Gusts are really hard to handle if you are already overpowered upwind. If you have your rig already fully de-powered, then it's a matter of "Ease, Hike, Trim". You are better off dumping lot's of main and sailing with a big bubble in your sail and keeping your boat flat. Heeling in swell is the worst thing for speed, you will only go sideways.
I can gybe OK, just put the board most of the way down, pull the sail in some, turn, flick, and dive!

I have the most trouble sailing upwind when it's heavy. What do you mean, sail with a big bubble in the sail?

Merrily
 
#5
^^ I mean when a gust hits, dump the main (up to a metre if need be) hike hard, then trim the sail back in. You do of course need a lot of vang on.
 
#7
we sail in heavy winds alot, last week we were out in 35 knots and everyone who didnt snap their mast made it around the course

its just experience and technique really
 

Merrily

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Thread starter #8
laser2_9804 said:
'Yo Aussie Boys!' and girls! Sorry, just had to make that point. :D
Whoops! And here I chided someone for a little old ladies on the porch comment. Thank you, Vicky.

Sounds like I just need to come to Australia for the sailing season. Sigh. :rolleyes:

Merrily
 
#10
Murphs said:
we sail in heavy winds alot, last week we were out in 35 knots and everyone who didnt snap their mast made it around the course

its just experience and technique really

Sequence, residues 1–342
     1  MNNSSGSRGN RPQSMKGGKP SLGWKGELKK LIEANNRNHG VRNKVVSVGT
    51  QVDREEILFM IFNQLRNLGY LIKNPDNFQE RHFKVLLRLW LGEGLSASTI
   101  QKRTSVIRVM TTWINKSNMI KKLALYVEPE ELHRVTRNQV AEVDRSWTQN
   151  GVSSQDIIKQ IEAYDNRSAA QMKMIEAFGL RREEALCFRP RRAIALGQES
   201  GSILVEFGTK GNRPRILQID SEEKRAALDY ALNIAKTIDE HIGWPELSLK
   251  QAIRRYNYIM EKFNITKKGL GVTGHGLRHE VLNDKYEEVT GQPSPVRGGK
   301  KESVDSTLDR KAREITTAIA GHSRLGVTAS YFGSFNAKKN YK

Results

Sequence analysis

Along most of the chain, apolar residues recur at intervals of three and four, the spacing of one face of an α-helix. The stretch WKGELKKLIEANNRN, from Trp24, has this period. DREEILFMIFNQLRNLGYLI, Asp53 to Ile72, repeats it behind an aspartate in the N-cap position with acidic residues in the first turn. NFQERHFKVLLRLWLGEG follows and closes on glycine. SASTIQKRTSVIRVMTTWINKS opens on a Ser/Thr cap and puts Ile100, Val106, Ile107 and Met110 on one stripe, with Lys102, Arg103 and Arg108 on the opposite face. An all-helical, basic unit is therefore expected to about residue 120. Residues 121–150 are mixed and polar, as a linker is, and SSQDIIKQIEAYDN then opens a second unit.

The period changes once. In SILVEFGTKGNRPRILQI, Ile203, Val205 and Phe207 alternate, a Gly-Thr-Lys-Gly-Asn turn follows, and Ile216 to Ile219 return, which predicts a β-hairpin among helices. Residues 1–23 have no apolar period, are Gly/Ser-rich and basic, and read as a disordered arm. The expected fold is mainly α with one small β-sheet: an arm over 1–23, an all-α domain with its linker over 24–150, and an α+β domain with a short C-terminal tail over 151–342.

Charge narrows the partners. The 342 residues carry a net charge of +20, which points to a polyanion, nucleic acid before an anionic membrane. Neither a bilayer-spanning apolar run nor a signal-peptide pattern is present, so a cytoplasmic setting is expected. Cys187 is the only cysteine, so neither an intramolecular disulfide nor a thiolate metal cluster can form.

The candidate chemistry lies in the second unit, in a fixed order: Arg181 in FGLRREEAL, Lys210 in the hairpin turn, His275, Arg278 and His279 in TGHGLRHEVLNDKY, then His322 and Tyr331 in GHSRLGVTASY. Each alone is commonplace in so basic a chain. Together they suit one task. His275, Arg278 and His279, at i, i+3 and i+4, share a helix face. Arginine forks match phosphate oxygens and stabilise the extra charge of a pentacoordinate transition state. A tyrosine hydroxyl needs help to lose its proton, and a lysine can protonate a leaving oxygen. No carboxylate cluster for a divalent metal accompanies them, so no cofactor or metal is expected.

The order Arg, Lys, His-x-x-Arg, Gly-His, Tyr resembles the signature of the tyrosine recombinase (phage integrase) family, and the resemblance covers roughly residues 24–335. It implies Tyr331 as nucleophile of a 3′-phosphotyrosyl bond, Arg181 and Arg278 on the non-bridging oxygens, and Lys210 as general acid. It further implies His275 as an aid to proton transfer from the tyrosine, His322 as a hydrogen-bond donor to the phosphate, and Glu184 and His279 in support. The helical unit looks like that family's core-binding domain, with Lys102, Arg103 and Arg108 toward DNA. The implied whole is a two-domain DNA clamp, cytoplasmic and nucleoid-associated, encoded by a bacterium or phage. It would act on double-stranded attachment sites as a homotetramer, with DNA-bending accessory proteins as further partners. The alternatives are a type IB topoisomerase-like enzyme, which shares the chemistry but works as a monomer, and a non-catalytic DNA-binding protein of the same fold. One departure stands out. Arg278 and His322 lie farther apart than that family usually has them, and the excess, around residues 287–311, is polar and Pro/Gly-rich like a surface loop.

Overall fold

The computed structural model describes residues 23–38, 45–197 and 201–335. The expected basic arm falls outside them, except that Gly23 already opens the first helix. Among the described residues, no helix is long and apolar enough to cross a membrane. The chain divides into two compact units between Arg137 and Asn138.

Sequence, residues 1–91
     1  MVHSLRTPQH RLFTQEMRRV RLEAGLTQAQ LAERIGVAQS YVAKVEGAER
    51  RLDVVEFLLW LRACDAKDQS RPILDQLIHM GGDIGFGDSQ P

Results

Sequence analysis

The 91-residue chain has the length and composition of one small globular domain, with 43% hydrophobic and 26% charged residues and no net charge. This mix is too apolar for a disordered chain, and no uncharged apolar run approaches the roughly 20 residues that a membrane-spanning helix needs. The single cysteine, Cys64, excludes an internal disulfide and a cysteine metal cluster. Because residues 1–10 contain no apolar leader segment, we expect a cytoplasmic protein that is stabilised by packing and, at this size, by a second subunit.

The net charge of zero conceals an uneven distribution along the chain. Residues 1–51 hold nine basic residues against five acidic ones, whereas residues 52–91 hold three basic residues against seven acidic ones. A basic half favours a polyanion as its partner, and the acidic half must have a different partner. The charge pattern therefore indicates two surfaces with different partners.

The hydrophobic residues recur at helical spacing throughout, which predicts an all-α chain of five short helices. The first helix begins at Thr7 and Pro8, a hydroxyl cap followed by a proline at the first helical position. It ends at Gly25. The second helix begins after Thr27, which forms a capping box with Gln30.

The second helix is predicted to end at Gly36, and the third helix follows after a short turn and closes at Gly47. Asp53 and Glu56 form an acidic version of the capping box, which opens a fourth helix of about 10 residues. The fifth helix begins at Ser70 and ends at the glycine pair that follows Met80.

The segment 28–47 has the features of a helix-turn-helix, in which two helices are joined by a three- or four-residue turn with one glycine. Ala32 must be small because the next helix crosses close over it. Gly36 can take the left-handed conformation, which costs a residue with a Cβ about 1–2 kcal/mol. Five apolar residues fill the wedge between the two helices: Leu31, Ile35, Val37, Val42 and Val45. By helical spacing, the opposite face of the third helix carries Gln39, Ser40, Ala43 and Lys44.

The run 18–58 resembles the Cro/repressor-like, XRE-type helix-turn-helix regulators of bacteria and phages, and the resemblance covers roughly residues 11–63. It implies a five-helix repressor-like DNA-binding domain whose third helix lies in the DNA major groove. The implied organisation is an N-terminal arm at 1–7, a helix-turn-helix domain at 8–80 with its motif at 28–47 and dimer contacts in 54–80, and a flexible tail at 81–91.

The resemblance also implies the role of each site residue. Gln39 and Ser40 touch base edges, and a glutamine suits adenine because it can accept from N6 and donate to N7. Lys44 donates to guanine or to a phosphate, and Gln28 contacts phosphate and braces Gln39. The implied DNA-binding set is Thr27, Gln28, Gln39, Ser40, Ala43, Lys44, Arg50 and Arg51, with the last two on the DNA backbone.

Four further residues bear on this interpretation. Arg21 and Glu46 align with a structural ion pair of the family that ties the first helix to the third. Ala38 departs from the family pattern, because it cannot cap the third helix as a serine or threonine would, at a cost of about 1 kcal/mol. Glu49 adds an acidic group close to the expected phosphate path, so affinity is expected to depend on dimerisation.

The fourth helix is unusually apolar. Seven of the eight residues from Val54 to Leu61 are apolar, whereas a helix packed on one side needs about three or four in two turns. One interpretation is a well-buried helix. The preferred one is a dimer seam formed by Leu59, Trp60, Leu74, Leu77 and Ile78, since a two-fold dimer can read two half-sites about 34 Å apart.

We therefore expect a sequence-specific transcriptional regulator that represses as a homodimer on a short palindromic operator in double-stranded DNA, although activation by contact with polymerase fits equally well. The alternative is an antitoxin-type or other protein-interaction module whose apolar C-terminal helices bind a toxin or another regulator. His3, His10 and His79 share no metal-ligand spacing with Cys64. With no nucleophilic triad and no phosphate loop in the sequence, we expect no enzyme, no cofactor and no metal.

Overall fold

35kts woah! Is that gusts or constant? How did people snap their mast? Winward capsizes?

I sailed a little in Western Australia, they rarely raced in under 25kts. But most people were into kite surfing or sail boarding :( . The yachties would literally walk the streets before the race trying to drag people in as rail meat!
 
#11
Wow, I knew they had some fairly strong winds in WA but I didn't know they were that strong regularly. Well, it's going to be interesting keeping a 125 flat in over 25 knots at the Nats.
 
#12
laser2_9804 said:
Wow, I knew they had some fairly strong winds in WA but I didn't know they were that strong regularly. Well, it's going to be interesting keeping a 125 flat in over 25 knots at the Nats.
Say hello to the "Fremantle Doctor" for me.
 
#13
rock steady said:
35kts woah! Is that gusts or constant? How did people snap their mast? Winward capsizes?

I sailed a little in Western Australia, they rarely raced in under 25kts. But most people were into kite surfing or sail boarding :( . The yachties would literally walk the streets before the race trying to drag people in as rail meat!

all of the breakages were radial rigs and they were all from too much stress i.e. running into the back of a wave, no capsizes

lowest recording they had all day was 25 knots highest was 38, mostly around 32-35
 

Merrily

Administrator
Thread starter #14
Murphs said:
all of the breakages were radial rigs and they were all from too much stress i.e. running into the back of a wave, no capsizes

lowest recording they had all day was 25 knots highest was 38, mostly around 32-35
Breakage from running into the back of a wave?????
 
#15
Yeah. A when you are going really fast and experience massive deceleration (running into the back of a wave, nosedive etc) The force on your rig increases immensley, often well beyond design specifications. Leading to breakage of masts. I snapped a bottom section like this once.
 
#20
Merrily said:
No, but how puffy is it generally?
I just checked Weather Underground for Sydney. Apparently our friends in the Land of Oz are only going to see winds of 2mph on Saturday and Sunday this weekend. But then on Monday and Tuesday WU predicts winds of 31632 mph. :eek:

Yikes. That might bend a mast or two. No word on how puffy that might be.